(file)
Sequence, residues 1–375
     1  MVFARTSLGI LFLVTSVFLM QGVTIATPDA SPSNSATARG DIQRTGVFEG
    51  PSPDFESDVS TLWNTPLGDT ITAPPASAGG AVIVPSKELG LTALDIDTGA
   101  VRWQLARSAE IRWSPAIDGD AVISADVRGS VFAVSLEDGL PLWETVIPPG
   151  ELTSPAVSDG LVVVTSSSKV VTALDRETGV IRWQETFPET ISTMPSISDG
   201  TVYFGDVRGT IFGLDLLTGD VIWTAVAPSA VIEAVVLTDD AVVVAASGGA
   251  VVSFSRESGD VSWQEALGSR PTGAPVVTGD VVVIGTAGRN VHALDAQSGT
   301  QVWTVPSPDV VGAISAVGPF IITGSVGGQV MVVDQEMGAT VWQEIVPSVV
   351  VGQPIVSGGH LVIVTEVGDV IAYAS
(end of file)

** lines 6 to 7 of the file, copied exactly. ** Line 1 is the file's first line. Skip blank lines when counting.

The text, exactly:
   201  TVYFGDVRGT IFGLDLLTGD VIWTAVAPSA VIEAVVLTDD AVVVAASGGA
   251  VVSFSRESGD VSWQEALGSR PTGAPVVTGD VVVIGTAGRN VHALDAQSGT